… In about the mid-1990s, after it became clear how awful the DeShields-Pedro Martinez trade was, I started to conjecture that the Dodgers really could become the Cubs – that a journey to 100 years of mediocrity can begin with a single step. Subsequently, I started to think that I might be following the same path. I’m a published writer, and people (some of them, anyway) have enjoyed my work. But I don’t feel like I really made it to the champagne celebration in the locker room.

I’m very happy these days – I have a wonderful wife and a wonderful baby, and you won’t catch me regretting the choices I made that allowed those things to happen. But I do have frustrations, and those frustrations, I’ve come to realize, are played out each time the Dodgers do something. Anything. I’m not just talking about the 162 games; I’m talking about the offseason trades and the decisions to replace the dirt warning track with rubber and the removal of the sandwich station on the Club level of Dodger Stadium. I was raised in an easier time, where things were more often right than wrong, and I haven’t shed my addiction to that time. I want things with the Dodgers to be right. That, essentially, is the genesis of this website – to deal with that want.

I think what it is, is that when I was younger, the games were more fun. They were carefree. Now, they do seem to mean more to me. They carry this weight. And now, it’s been so long since the Dodgers have been a winner, I can’t imagine anymore what it will be like to celebrate that. I hope I enjoy the glory, if it ever comes, as much as I’ve suffered the pain. I think maybe I will.

– Dodger Thoughts, March 12, 2003

Lorenzo Charles died, and that was by far the worst news I heard all day.

I poked my thumb on a fork in the dishwasher, and that was by far the most pain I felt all day. I slammed my hand down on the counter and cursed.

But the angriest I got over the McCourt news today was when my web browser crashed while pages were loading.

This afternoon, I found myself wondering why I can get angry at so many things, so many little things – “Why won’t this page load?! It’s a computer! It’s all 0s and 1s!” – and yet I can remain unflappably calm over the way Frank McCourt treats the team I grew up loving.

It’s not because I don’t care. I couldn’t write for this website if I didn’t care.

Sometime over the eight years since I wrote the post excerpted above, Dodger games went back to the way they were. They went back to being carefree, to being an escape. I suffer every loss, yearn for every win, but even with a losing team, the games are a release for me again. They don’t carry weight. I channel my frustration elsewhere.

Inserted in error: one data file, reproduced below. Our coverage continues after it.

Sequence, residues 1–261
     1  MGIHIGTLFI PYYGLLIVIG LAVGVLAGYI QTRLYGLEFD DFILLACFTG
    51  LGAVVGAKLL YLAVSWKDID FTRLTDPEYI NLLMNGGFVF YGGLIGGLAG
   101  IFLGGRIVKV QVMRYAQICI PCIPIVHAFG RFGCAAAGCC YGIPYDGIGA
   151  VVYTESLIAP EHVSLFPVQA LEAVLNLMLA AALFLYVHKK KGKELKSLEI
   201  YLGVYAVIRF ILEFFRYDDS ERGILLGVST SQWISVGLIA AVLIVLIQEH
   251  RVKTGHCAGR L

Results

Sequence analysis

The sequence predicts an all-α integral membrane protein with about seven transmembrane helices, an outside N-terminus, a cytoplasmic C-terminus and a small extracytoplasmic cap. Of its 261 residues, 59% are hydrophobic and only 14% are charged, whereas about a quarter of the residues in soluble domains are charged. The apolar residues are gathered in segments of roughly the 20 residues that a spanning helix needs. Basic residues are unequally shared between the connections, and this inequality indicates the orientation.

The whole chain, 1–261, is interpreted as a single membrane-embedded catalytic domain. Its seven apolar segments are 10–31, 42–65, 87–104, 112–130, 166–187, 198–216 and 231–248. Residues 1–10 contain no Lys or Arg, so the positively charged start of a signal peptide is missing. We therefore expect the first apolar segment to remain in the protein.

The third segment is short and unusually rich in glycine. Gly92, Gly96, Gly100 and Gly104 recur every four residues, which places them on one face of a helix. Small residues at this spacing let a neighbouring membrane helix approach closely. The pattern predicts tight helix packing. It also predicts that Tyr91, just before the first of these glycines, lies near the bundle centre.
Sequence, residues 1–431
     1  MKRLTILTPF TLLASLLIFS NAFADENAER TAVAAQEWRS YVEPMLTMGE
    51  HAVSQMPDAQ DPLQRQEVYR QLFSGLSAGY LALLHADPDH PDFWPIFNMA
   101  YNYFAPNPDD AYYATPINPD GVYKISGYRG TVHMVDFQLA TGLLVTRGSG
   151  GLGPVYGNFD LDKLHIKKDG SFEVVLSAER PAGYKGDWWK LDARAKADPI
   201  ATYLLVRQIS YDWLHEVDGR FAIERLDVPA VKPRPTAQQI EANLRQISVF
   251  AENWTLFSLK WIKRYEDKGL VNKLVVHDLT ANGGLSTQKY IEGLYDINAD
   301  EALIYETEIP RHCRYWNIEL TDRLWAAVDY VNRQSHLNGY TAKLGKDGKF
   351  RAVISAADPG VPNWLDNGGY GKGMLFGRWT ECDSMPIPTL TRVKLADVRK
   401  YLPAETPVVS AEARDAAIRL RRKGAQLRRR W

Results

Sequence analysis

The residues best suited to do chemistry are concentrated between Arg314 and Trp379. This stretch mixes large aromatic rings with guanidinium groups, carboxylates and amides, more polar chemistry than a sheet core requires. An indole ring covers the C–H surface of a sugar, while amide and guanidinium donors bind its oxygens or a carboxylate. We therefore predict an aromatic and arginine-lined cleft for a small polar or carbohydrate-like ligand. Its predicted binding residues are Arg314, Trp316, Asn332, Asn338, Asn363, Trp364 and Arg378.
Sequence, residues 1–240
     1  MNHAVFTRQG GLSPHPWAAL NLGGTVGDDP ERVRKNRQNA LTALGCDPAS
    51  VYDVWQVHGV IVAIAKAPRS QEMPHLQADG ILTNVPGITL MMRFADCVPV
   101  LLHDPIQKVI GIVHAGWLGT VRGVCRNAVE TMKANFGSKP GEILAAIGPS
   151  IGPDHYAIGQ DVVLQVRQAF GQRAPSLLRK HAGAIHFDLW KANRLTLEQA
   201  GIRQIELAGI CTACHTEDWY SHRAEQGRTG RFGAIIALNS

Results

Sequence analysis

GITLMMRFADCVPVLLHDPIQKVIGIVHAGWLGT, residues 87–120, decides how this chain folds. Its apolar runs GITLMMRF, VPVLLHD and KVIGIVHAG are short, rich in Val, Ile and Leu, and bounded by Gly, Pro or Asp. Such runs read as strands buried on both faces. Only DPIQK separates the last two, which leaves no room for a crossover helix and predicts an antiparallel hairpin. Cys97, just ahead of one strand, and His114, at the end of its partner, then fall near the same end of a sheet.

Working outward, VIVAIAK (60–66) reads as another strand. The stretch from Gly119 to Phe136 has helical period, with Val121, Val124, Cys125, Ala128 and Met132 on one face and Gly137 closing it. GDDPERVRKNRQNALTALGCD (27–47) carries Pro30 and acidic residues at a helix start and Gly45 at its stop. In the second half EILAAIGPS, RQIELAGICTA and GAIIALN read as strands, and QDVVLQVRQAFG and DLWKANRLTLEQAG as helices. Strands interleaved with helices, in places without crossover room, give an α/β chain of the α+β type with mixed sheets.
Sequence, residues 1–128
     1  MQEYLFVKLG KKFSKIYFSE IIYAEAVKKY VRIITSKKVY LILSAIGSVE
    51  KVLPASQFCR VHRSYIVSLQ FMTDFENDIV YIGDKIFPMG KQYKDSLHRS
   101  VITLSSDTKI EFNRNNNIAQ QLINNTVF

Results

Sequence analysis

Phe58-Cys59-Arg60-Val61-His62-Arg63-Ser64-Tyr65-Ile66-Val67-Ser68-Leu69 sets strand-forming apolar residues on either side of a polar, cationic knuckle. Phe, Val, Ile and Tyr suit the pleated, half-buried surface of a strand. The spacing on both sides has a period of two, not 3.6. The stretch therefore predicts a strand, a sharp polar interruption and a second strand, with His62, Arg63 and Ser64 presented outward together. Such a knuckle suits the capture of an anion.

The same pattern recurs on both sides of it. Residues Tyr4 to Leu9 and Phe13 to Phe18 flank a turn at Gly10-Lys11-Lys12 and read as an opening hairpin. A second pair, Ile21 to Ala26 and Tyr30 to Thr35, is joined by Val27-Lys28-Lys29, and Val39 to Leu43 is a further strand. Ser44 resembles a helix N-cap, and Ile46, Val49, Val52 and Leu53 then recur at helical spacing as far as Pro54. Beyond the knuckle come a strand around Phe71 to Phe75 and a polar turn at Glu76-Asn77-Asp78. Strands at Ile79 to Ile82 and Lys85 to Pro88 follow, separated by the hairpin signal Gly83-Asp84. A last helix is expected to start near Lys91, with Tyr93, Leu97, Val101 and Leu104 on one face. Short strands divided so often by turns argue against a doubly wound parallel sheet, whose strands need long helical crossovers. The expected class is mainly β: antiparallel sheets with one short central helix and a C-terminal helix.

So much of the frustration and anger in my life is about unmet expectations. The computer should work. I should be able to do the dishes without maiming myself. March Madness God should not die at age 47. The biggest one of all: I’m not the person I want to be.

But Frank McCourt has no way left to disappoint me, because I have zero faith in the man to do the right thing. I have no expectations of him.

This is a particularly personal view that I don’t necessarily expect anyone else to share, so please don’t get the idea that I’m telling any of you not to be angry. You have every right. I’m just talking about me here.

I think part of my problem in life has been that I’ve not always been cynical enough, which is why I’m so easily disappointed. But McCourt is like a shot of cynicism straight into my veins. In some ways, it’s a relief. McCourt might own the Dodgers, but he doesn’t own me.

The Dodgers are my Odyssey, and to paraphrase Roberto Baly, Vin Scully is my Homer. Safe at home or mired on the seas, the Dodgers are a story, an endless fable that I see in the making, and so, so instructive.

The way I react to each chapter in this epic is the way I wish I reacted to the rest of my life. Suffer with dignity, accept limitations, believe that the next good moment is around the corner. I don’t want to have to become a cynic to survive my remaining time in this world, but if I can ever learn to take the bad with the good in my everyday life, like I do with the Dodgers, I’ll be the better man for it.

Don’t surrender. Be a dreamer, not a demander. It might not be what you need, but it’s what I need.

Apr 06

Dodgers’ third loss in four games points out frailties

Doug Pensinger/Getty ImagesRockies outfielder Carlos Gonzalez robs Rafael Furcal of a potential game-tying double in the ninth inning of the Dodgers’ 7-5 loss to Colorado.

As I wrote a couple of weeks ago, though I don’t by any means rule out the Dodgers making a run for a division title, my feelings about this year’s team are about as pessimistic as I’ve ever had since I began Dodger Thoughts. The reason: Not only does the pitching have to meet high expectations for the team to succeed, but the offense and defense both have to exceed expectations. Los Angeles just looks too slight a horse to bet the big money on.

Today’s 7-5 loss to Colorado was but one game, one that will be forgotten as soon as the next one begins (two long nights from now), but it does illustrate my point. The great pitching faltered, as will happen, and the offense, despite home runs by James Loney and Rod Barajas and a triple by Casey Blake in his season debut, couldn’t make up the difference. Bad timing? Sure, and for that matter, the Dodgers nearly pulled the game out in the ninth inning. But over the course of 2011, I don’t foresee the Dodger offense exceeding expectations more often than the Dodger pitching falls short of them.

We heard a lot of talk about execution and aggressiveness in Spring Training, which is all well and good — being anti-execution is like being anti-breathing. But I tend to think that any team that is relying on execution to save its season is a team that doesn’t have enough talent to succeed.